Abbott signs school finance bill into law

Miguel Gutierrez Jr./The Texas TribuneGov. Greg Abbott, center, holds up House Bill 3, the school finance bill, after signing it into law at an Austin elementary school on Tuesday. 

It was deemed as the centerpiece of the 86th Texas Legislature. 

On Tuesday it officially became law, as Gov. Greg Abbott has signed a massive overhaul of Texas' long-beleaguered school finance system.

Abbott put his signature on House Bill 3 during a triumphant ceremony at Parmer Lane Elementary School in Austin. The governor was flanked by Lt. Gov. Dan Patrick, House Speaker Dennis Bonnen and several lawmakers involved in the effort.

"You could not overstate the magnitude of the law that I'm about to sign because this is a monumental moment in public education history in the state of Texas," Abbott said. "We did something that was considered to be highly improbable, and that is to be able to transform public education in the state of Texas without a court order forcing us to do so.

"This one law does more to advance education in the state of Texas than any law that I have seen in my adult lifetime in the state of Texas," Abbott added.

The bill's signing represented a capstone to state leaders' laser-like focus on reforming school finance and property taxes since the beginning of the 2019 legislative session session. Abbott is set to sign the priority property tax legislation, Senate Bill 2, during a ceremony Wednesday at a burger joint in Austin that says it is struggling to keep up with rising property taxes.

The $11.6 billion school finance measure includes about $6.5 billion in new public education spending, plus about $5.1 billion devoted to lowering Texans’ property tax bills.

"It's not a secret I have a family full of educators, and I answer to them when I come home each session," Rep Ernest Bailes (R-District 18) said of the need for transformative education reform in Texas.

The spending will increase per-student base funding by about 20%. It includes money to give teachers raises, fund free full-day pre-K for eligible 4-year-olds and reduce the amount of money wealthy districts must spend to subsidize poor districts through the state’s recapture program known as “Robin Hood.”

It also, controversially, includes money for districts that want to start merit pay programs, giving bonuses of between $3,000 and $12,000 to their higher-rated teachers. And it provides money for high-needs and rural school districts that need help to incentivize teachers to work there.

Lawmakers have estimated that the bill will lower tax rates by an average of 8 cents per $100 valuation in 2020 and 13 cents in 2021. That would mean a tax cut of $200 for the owner of a $250,000 home in 2020 and $325 in 2021.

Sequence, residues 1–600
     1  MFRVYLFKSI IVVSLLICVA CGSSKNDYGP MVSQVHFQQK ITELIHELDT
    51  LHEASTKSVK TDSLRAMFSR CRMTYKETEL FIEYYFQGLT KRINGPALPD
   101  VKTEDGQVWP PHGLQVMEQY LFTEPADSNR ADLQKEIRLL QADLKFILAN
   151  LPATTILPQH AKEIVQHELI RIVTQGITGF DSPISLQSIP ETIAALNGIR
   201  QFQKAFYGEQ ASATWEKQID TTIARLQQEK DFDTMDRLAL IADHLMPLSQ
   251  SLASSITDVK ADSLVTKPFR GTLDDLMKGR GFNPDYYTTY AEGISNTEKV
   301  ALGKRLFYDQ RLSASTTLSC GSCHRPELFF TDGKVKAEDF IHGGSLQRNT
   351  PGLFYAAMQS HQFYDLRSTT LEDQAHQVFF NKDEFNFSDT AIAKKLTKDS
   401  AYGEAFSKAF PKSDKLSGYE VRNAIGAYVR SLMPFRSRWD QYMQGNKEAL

At the bill-signing ceremony, state leaders hailed the unity that they say allowed them to finally get school finance reform across the finish line.

"I love showing Texans that when your governor, your lieutenant governor and your speaker say, 'We're going to be a team,' we do great things," said Bonnen, who just completed his first session behind the gavel.

“The property tax system was addressed in SB 2, increasing transparency by providing more accessible information to property owners, and lowering the voter approval rate for most taxing units to 3.5%,” Bailes added. “This bill will work in tandem with the ‘Texas Plan’ for school finance to provide billions of dollars in property tax relief.”

Other legislation that was sponsored and supported by Bailes includes:

• HB 5, which requires TDEM (Texas Division of Emergency Management) to develop a catastrophic debris management plan.

• HB 3838, which amends the Texas Property Code to “protect mineral or royalty interest owners from fraudulent lease offers.”

• HB 1409, which “protects landowners from appraisers unfairly changing the use of their land and being charged back taxes on land removed from use as land for timber production.”

• HB 2867, establishes the College of Osteopathic Medicine at Sam Houston State University.

• SB 1264, “protects Texans from surprise medical billings when they may unknowingly get care out of their network.”

• HB 1, which maintains the levels of funding for border security over the previous biennium

• HB 16, which “protects babies who survive abortions by requiring doctors to provide the

highest standard of medical care possible.”

• HB 18, which increases awareness of mental health and school safety and providing resources for educators to know how and when to intervene.

"Voting for legislation that brings meaningful change to so many across the state of Texas makes the past six months worth every minute,” Bailes added. “I am blessed to be back with my family in East Texas and will continue to work on the issues our constituents care about most," Bailes said.

Representative Bailes is serving his second term as a state legislator for House District 18, serving on the Energy Resources and Corrections Committees.

Patrick Svitek with The Texas Tribune contributed to this report.

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